It has long been recognized that people have a right to familial cohesion while the government has the capacity and responsibility to interfere with the integrity of the family when necessary. Laws that intrude on family life are ostensibly intended to strike a balance between these two principles. When the government removes a child from a parent, the extent and conditions of contact between that child and his or her parents must be arranged. The circumscription of child-parent contact is a parameter of the ongoing removal. The harmful impact of separation is defined, in large part, by the extent to which subsequent child-parent access is restricted. When a child is placed with strangers, the harm of separation on the child is intensified. To ameliorate the trauma, the state must ensure the provision of appropriate parenting time. The executive, judicial and legislative branches all play roles in how parenting time is decided after a removal.
Judicial Deference to the Department
In Massachusetts, the Department of Children and Families has initial “jurisdiction” over parenting time in care and protection cases filed in Juvenile Court. Courts in the commonwealth only modify the department’s parenting time plan if it is deemed an abuse of discretion. In the typical case when a child is in stranger foster care, parents are relegated to a singular one-hour visit each week at the department’s offices for at least six months with little chance for a modification. A combination of case law, statute and policy has led to this imbalance of power on parenting time.
The term “custody” is defined within the General Laws to include the “power” to “control visits to a child.” Under this definition, a parent who “objects to the carrying out of any power conferred” therein “may take application to the committing court and the court shall review and make an order on the matter.” M.G.L. c. 119, § 21. The statute does not provide any standard for determining the conditions and circumstances of parenting time orders and lacks any instruction as to what level of scrutiny is to be applied when reviewing the department’s provision of familial contact.
In 1984, the Supreme Judicial Court (SJC) issued two decisions that addressed judicial discretion and departmental control over parenting time. In Care and Protection of Three Minors, the court held that the department has “virtually free rein” over the conditions of parenting time “subject only to a petition for review.” 392 Mass. 704, 718 (1984). While accepting its deferential position, the court did acknowledge a critique of its own position: “‘[t]he paternalistic justification for this broad discretion — that the professionals and not the parents always know what is best for children — underlies most of what is wrong with the present system. Thus, reform that fails to end the blind deference to professionals will be inadequate.’” Id. (quoting R.R. McCathren, “Accountability in the Child Protection System: A Defense of the Proposed Standards Relating to Abuse and Neglect,” 57 B.U.L. Rev. 707, 731 (1977)).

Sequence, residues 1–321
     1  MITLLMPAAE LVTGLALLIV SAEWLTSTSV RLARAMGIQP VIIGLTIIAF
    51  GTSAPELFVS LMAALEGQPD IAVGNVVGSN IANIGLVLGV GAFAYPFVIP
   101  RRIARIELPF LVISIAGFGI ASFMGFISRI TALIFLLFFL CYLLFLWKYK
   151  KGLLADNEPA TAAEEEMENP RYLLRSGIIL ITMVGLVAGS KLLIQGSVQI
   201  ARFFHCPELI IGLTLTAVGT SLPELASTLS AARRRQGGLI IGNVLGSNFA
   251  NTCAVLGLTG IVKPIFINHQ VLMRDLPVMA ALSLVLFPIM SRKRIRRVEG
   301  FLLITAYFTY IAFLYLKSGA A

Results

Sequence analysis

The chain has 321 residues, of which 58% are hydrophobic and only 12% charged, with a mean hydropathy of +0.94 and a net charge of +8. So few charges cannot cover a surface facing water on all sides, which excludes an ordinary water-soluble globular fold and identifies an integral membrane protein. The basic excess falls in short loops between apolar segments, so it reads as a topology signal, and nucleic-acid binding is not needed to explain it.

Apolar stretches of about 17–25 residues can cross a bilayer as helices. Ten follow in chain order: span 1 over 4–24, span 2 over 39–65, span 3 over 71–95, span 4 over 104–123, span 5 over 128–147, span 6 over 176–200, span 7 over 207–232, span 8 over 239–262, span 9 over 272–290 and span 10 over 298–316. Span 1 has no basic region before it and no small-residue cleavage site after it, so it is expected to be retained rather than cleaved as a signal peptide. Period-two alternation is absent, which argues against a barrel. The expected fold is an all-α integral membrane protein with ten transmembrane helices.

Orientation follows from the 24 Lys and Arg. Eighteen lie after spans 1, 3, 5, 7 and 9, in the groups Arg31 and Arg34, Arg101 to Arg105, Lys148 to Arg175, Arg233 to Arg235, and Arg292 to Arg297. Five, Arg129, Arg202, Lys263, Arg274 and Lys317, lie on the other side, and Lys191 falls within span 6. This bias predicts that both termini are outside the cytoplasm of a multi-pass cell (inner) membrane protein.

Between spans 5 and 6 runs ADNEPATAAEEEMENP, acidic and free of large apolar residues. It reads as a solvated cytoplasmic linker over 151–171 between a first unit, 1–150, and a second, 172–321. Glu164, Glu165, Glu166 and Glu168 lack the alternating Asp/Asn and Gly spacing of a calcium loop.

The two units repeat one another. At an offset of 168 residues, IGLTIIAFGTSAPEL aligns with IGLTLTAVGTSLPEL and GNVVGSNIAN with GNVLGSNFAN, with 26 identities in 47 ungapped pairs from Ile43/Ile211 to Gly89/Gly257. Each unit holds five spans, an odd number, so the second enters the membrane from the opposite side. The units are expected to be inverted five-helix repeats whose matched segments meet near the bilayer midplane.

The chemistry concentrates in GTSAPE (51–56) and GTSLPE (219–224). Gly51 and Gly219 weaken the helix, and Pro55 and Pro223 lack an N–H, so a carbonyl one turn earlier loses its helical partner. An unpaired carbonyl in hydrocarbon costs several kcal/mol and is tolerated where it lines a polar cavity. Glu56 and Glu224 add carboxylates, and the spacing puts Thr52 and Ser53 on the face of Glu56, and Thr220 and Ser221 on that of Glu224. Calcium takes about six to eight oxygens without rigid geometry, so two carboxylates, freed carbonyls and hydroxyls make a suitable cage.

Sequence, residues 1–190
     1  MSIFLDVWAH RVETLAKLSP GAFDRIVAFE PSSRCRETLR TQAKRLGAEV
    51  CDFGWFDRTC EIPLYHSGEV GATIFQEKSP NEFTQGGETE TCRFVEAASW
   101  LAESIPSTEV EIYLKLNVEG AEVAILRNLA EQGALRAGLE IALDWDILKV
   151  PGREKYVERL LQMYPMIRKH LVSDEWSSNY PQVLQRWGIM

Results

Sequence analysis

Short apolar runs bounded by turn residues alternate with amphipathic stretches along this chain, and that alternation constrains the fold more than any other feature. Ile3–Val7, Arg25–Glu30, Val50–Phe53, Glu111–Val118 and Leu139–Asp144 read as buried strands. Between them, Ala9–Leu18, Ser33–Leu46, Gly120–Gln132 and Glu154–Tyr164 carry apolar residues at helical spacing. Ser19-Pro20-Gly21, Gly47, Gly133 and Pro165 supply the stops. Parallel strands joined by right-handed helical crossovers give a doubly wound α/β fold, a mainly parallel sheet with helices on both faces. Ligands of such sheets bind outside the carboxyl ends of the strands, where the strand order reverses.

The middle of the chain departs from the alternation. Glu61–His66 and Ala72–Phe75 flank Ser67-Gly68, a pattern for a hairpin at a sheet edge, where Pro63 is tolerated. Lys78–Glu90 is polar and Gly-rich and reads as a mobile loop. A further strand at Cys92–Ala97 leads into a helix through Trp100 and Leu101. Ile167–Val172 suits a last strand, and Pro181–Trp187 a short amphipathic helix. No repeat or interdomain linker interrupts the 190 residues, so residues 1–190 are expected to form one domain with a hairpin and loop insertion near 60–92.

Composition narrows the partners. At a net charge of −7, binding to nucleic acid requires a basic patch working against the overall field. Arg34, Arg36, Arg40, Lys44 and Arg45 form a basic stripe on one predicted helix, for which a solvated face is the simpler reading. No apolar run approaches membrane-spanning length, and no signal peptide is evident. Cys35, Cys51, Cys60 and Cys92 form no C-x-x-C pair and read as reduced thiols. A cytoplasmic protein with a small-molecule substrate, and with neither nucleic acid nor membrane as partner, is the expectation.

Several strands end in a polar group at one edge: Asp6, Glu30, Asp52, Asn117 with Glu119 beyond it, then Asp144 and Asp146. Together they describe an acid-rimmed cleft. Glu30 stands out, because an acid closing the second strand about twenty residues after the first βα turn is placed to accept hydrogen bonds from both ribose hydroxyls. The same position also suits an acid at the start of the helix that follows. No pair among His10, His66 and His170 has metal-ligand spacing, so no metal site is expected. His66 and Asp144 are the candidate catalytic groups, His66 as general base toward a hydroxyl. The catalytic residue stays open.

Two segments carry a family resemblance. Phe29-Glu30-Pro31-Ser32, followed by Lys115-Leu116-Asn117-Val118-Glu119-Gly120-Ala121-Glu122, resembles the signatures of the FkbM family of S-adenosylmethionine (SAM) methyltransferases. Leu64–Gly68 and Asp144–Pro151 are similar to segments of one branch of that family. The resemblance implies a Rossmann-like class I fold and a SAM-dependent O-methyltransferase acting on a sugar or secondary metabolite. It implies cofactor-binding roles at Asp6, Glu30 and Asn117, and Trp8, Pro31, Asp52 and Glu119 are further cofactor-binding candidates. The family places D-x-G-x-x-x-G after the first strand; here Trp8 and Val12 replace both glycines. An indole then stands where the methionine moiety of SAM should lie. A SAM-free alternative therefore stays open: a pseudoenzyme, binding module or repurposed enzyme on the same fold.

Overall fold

In Custody of a Minor (No. 2), the court clarified the standard where the department seeks to terminate parent-child contact. 392 Mass. 719, 725 (1984). “[B]efore terminating visitation rights, a judge must make specific findings demonstrating that parental visits will harm the child or the public welfare.” Id. To support this encroachment on department discretion, the court quotes M.G.L. c. 119, § 35, as giving parents “the right to visit their children if ‘the welfare of the child and the public interest will not be injured.’” Id. This reliance on Section 35 fails to include surrounding language that assigns the court seemingly greater authority over parenting time. Section 35 provides that the court may require the department to permit parents “to visit the child at such times and under such conditions as the court orders” and “may revise its order or make new orders or decrees as the welfare of the child and the public interest may require.” M.G.L. c. 119, § 35. Section 35, however, authorizes the “probate court for the county,” and not the Juvenile Court, to issue such orders, thus creating potential doubt as to the section’s application in Juvenile Court, where nearly all child protective cases are heard. Id.